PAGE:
The suggestion is included in a public consultation on proposed changes to the regulatory regime governing offshore electricity transmission.
A more coordinated approach to offshore transmission could reduce the estimated £6-24 billion cost of connecting and operating new links needed by 2030 by between £0.5-£3.5 billion, concludes research commissioned by the UK government. The UK Department of Energy and Climate Change is trying to facilitate a reduction the cost of offshore wind energy from around £150/MWh to £100/MWh by 2020.
In addition to reducing costs, coordinating the offshore grid more effectively could also encourage the development of an offshore network between nations bordering the North Sea, thus linking wind farms off Britain's coast with other European countries.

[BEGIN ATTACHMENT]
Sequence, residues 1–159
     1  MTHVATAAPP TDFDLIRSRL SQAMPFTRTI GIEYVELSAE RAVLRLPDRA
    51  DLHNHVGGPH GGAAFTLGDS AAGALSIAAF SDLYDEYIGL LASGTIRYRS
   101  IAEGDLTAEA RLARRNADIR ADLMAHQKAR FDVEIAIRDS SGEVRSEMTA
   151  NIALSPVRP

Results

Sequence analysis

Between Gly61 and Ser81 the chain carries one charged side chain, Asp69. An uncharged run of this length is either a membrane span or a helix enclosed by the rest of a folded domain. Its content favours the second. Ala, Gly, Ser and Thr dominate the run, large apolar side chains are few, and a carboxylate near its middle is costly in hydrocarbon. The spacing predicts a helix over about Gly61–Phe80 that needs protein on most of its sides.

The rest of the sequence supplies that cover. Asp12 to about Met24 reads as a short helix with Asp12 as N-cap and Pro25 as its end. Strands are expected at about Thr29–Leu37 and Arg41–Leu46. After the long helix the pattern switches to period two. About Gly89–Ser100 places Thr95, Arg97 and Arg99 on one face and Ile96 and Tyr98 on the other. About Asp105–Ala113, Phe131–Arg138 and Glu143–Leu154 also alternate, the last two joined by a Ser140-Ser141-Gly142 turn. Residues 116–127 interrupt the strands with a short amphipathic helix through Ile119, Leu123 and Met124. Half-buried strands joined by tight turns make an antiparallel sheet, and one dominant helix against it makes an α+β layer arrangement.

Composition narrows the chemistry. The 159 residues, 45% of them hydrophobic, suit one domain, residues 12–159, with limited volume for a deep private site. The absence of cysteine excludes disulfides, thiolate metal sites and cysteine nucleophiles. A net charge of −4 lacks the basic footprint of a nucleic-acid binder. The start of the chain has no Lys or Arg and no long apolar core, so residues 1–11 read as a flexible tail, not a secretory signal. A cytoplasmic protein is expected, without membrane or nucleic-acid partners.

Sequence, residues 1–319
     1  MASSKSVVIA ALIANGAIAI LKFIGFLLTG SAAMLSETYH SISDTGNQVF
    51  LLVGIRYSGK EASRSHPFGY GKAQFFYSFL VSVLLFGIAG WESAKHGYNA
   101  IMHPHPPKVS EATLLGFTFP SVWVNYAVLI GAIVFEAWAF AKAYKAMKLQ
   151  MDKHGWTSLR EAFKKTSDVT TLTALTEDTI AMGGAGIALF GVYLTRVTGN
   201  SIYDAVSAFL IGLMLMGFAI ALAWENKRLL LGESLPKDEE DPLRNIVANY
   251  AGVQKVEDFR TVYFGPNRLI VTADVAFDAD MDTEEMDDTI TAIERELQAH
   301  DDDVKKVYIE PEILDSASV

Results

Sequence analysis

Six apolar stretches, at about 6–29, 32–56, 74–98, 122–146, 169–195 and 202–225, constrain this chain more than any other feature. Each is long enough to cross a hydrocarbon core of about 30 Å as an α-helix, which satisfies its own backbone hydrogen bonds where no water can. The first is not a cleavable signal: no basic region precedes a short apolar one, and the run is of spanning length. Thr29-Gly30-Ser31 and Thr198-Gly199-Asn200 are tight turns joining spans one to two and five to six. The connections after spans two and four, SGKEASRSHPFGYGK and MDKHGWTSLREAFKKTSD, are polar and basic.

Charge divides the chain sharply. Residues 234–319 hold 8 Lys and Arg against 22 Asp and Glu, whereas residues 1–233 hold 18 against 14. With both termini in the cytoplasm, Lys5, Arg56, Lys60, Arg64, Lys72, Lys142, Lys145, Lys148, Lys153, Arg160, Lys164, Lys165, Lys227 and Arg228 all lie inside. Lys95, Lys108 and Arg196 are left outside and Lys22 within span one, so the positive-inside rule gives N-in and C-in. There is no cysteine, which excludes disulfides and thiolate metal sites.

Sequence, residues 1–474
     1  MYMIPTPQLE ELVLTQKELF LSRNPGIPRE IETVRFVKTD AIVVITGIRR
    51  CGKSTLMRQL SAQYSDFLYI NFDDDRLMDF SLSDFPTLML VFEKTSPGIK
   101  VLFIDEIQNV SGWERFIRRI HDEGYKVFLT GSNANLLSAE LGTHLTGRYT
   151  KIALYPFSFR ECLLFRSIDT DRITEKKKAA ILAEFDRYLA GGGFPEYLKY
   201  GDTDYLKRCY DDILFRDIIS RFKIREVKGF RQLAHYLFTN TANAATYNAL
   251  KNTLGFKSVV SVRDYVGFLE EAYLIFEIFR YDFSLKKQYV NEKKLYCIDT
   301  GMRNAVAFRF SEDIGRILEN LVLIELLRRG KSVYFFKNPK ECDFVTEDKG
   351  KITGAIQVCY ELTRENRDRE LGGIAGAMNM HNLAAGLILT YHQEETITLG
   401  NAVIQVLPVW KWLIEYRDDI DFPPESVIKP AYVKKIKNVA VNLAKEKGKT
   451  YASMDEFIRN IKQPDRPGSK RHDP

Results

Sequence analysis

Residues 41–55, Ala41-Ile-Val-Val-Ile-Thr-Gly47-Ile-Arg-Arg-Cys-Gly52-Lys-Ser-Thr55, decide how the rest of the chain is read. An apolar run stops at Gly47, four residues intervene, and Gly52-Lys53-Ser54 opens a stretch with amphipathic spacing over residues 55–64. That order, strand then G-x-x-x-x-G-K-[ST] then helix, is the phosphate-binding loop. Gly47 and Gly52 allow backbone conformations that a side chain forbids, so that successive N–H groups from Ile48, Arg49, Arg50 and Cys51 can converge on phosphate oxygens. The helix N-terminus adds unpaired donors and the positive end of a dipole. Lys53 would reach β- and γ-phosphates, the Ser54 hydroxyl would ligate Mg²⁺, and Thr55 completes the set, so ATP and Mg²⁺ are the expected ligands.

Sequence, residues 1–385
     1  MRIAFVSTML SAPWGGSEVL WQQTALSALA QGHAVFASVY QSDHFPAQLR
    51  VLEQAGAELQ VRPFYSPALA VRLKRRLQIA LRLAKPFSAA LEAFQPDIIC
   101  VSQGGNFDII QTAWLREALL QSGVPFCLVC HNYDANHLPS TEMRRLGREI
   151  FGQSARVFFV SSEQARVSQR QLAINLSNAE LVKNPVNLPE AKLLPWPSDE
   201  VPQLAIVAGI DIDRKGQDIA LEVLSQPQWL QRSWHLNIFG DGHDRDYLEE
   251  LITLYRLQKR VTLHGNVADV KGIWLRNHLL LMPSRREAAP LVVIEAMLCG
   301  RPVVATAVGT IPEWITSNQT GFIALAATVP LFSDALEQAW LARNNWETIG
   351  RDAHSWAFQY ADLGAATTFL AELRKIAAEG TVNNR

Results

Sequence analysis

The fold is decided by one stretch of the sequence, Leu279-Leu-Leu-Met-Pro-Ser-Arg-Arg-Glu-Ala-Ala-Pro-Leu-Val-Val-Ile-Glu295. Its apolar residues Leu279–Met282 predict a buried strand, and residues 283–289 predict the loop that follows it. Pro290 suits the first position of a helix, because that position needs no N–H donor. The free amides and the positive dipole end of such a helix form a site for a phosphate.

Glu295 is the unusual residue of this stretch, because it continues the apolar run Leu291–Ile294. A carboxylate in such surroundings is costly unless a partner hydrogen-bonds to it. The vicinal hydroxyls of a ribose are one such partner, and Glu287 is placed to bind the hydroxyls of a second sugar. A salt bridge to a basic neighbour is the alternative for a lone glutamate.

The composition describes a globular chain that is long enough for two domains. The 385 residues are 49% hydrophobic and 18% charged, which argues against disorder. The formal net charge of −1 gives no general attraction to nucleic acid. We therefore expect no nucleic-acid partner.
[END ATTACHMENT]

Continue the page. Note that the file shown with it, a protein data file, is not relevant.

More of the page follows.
The consultation also suggests an approach to managing investment in grid connections that goes beyond the needs of a particular project. The lack of clarity on this issue, known as "anticipatory investment", has been highlighted as a key barrier to better coordination of the transmission network.
Head of grid at RenewableUK Guy Nicholson said: "As well as connecting the 18GW of offshore wind generation we expect to be operating by 2020, the offshore transmission regime can help reduce timescales and costs for both onshore reinforcement and interconnection with the rest of Europe".